Floor Talk, September 30, 2019 (Report Day)
At the close:
At the close, the Dec. corn futures finished 16 1/2¢ higher at $3.88. March corn futures ended 15 3/4¢ higher at $3.99 1/2.
Nov. soybean futures settled 23¢ higher at $9.06. Jan. soybean futures closed 22¢ higher at $9.19 1/4.
Dec. wheat futures closed 8 1/2¢ higher at $4.95 3/4.
December soymeal futures closed $5.90 per short ton higher at $301.00. December soy oil futures finished $0.24 higher at 29.08¢ per pound.
In the outside markets, the NYMEX crude oil market is $1.38 per barrel lower, the U.S. dollar is higher, and the Dow Jones Industrials are 156 points higher.
As a result, the soybean market jumped up 20¢ per bushel, corn up 10¢.
In its Quarterly Grain Stocks Report Monday, the USDA pegged the U.S. corn supply, as of Sept. 1, at 2.11 billion bushels. The trade expected the USDA to print stocks at 2.428 billion bushels.
For soybeans, stocks were pegged at 913 million bushels vs. the average trade estimate of 982 million bushels.
USDA placed Sept. 1 wheat stocks at 2.38 billion bushels vs. the average trade estimate at 2.318 billion.
U.S. Wheat Production
Separately, the USDA pegged the 2019/20 U.S. All Wheat production at 1.962 billion bushels vs. the average trade estimate of 1.968 billion bushels.
U.S. Soybean Crop Size
In its report Monday, the USDA pegged the U..S. 2018/19 soybean crop at 4.428 billion bushels, lower than the trade’s expectation of 4.52 billion and its previous estimate of 4.55 billion bushels.
--Jason Roose, U.S. Commodities, says that today’s market liked the friendly report data.
“With large stocks anticipated in today's USDA crop report, finally a bullish crop report. USDA released a much lower stocks number on corn, with increased feed usage. For soybeans, stocks were lowered with a revision from 2018 bean production. All eyes will now be on the weather forecast, as very little risk premium is dialed in the market with a poor start to harvest,” Roose says.
--Britt O'Connell, Cash Advisor for Commodity Risk Management Group, says that corn and beans are both higher, after report estimates came in less than the low end of the trade estimates.
“With soybeans having a strong end to the marketing year in both exports and crushings, a number towards the lower end of the spectrum is not shocking. We do have to view soybean ending stocks properly, at 913 million bushels! Last year ending stocks were 438 million, the record prior that was back in 2005/2006. That year stocks to use was at 15.6% and the average farm price received for soybeans was $5.66. Now, I am not suggesting that we are going to $6 beans, but we should view these moves back over $9 as selling opportunities. Since the start of the trade war with China November 2019 soybeans have struggled to move beyond $9.60 futures,” O’Connell.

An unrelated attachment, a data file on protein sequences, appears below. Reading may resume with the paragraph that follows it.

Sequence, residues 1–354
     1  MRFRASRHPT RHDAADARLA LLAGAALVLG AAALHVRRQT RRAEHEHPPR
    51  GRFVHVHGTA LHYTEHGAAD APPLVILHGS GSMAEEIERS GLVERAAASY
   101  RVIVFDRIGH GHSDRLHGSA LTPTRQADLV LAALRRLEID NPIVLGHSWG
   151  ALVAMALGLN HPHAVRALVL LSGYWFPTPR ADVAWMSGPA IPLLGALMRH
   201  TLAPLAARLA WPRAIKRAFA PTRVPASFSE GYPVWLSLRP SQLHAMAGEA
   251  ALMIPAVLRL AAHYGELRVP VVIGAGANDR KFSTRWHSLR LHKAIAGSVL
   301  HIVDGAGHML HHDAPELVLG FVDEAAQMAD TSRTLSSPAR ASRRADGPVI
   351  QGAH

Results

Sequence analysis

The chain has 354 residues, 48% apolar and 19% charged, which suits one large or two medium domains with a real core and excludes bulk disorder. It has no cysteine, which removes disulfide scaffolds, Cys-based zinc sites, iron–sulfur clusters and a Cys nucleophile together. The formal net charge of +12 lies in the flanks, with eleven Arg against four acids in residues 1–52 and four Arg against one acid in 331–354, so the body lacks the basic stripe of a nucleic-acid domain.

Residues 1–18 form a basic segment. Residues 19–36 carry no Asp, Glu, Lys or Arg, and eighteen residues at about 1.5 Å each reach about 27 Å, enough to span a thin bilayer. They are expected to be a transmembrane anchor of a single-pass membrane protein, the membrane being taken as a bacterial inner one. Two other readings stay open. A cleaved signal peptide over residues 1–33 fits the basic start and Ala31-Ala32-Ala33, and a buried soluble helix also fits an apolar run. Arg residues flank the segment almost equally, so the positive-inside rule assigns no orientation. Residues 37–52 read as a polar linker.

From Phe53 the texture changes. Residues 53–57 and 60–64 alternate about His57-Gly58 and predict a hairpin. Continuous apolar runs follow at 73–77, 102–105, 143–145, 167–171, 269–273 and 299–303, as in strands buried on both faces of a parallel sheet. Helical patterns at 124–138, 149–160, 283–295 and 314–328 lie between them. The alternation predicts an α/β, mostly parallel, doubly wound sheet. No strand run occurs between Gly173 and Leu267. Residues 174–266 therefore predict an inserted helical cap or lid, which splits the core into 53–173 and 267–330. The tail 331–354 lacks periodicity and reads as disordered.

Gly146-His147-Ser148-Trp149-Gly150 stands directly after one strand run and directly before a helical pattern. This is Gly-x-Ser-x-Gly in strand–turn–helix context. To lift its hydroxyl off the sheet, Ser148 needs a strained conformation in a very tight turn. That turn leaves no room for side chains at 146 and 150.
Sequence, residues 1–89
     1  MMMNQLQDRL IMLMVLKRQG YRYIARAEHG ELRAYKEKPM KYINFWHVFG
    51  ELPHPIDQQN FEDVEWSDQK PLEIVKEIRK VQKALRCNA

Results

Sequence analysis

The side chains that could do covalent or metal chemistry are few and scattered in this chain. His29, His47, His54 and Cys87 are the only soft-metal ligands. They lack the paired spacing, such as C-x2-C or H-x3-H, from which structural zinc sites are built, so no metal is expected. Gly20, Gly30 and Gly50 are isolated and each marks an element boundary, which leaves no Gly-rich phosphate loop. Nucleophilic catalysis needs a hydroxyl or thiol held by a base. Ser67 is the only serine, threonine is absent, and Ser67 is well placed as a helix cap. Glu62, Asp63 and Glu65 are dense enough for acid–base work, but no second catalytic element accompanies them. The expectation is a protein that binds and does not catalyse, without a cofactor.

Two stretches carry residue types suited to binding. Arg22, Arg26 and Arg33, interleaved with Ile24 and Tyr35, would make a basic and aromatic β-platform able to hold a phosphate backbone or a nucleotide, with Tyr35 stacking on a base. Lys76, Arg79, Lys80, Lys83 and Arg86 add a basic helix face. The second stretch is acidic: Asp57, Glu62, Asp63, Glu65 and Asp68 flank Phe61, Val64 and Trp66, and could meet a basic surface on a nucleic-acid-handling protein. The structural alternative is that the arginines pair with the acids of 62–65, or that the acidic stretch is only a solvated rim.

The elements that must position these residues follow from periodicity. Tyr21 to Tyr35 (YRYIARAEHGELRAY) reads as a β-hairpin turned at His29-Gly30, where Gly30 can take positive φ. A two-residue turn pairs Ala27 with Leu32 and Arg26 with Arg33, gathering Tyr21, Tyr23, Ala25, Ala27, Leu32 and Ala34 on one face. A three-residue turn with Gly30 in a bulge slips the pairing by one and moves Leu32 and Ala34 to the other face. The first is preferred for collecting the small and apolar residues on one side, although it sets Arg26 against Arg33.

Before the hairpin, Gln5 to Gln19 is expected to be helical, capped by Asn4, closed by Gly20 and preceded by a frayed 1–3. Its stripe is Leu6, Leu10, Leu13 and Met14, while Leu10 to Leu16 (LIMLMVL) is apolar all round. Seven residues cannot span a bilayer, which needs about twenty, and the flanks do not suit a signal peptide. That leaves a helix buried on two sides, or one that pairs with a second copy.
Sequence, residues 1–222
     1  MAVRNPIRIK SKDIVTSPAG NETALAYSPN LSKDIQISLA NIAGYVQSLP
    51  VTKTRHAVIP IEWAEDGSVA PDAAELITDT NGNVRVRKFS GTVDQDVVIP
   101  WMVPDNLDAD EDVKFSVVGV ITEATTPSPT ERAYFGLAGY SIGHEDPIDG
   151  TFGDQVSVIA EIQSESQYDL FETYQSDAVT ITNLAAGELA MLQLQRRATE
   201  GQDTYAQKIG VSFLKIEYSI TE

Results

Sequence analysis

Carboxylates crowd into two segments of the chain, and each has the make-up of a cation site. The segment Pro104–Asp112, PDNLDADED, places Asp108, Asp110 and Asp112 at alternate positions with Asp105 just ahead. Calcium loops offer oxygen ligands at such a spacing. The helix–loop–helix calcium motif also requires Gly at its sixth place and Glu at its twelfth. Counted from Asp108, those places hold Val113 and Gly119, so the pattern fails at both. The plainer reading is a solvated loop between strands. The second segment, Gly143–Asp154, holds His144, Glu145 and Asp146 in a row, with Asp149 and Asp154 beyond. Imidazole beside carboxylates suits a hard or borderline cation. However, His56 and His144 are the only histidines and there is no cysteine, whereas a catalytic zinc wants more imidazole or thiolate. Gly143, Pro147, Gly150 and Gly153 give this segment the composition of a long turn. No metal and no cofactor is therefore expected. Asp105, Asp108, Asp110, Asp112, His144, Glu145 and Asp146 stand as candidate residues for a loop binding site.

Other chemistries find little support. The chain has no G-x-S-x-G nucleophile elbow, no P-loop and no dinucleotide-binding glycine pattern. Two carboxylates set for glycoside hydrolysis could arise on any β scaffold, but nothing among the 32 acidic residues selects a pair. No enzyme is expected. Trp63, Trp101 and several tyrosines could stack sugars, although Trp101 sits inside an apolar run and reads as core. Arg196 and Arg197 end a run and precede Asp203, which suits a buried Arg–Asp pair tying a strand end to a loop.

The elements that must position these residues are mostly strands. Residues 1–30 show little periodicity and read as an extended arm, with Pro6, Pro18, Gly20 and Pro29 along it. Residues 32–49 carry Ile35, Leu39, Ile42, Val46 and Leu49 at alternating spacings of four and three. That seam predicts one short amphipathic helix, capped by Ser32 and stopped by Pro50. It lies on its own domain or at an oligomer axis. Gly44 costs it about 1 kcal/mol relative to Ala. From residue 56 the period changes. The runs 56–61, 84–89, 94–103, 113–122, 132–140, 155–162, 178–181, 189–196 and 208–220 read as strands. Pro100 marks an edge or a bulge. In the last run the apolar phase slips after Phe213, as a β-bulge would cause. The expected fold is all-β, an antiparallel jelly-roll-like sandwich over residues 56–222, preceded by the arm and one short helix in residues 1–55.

O’Connell added, “The lower than anticipated stocks on corn came as more of a surprise and leaves me wondering where the cuts will be taken. I assume feed and residual use given the bleeding state of the ethanol industry and the poor export performance, as of late.”
O’Connell sees this rally as one that should be sold.
“As we near the gap that was left post Aug 12 report, 3.9275-3.88, moves beyond that will take greater conviction from the fund community to dump their shorts - they are currently 160,000 contracts short. $4 will be met with both farmer selling and psychological push back,” O’Connell says.
--Louise Gartner, Spectrum Commodities, says that it looks like corn and beans are the winners in this report.
“Corn stocks at 320 million less than expected is a big number. Soybeans 70 million less is positive as well. Wheat stocks were a bit higher than expected, 65 million higher,” Gartner says.
Hard red winter wheat is supported with 11 million less than expected, while soft red was 3 million higher, Gartner says.
“So, I see the KW/W spread recovering a bit on that news,” Gartner says.
Gartner added, “The market expected USDA to lower spring wheat production due to the rains, but it increased it by 3 million, a 15 million bushels swing from expectations. But Minneapolis is still holding the leadership of the wheat complex. USDA didn’t decrease durum production like the trade expected. So, it’s supportive to row crops and slightly supportive to hard red winter wheat.”
What say you?
In early trading, the Dec. corn futures are 3/4¢ higher at $3.72 1/4. March corn futures are 3/4¢ higher at $3.84 1/2.
Nov. soybean futures are 7 1/2¢ higher at $8.90 1/4. Jan. soybean futures are 7¢ higher at $9.04 1/4.
Dec. wheat futures are 1/2¢ higher at $4.87 1/4.
December soymeal futures are $2.60 per short ton higher at $297.70. December soy oil futures are $0.04 higher at 28.88¢ per pound.
In the outside markets, the NYMEX crude oil market is $0.69 per barrel lower, the U.S. dollar is higher, and the Dow Jones Industrials are 89 points higher.
On Monday, private exporters reported to the U.S. Department of Agriculture export sales of 120,000 metric tons of corn for delivery to Mexico during the 2019/2020 marketing year.
The marketing year for corn began Sept. 1.
Al Kluis, Kluis Advisors, says that tAll attention today is on the USDA Grain Stocks report to be released at 11:00:00 AM.
“The USDA report today may be negative for corn. The USDA has consistently overstated feed usage in the last several years. On the bullish side, I think last year’s soybean crop may have been overstated, as well. That will take ending stocks lower than expected. However, I also know it is dangerous to make predictions about the USDA Grain Stocks report in the hours before the report,” Kluis told customers in a daily note.
Re: Floor Talk, September 30, 2019 (Report Day)
The Big lower crop sizes are supposedly yet to be discovered. LoL.
Grains have just started Major Ups now.
Say 130 to 150% higher in the next 60 days for All the grains.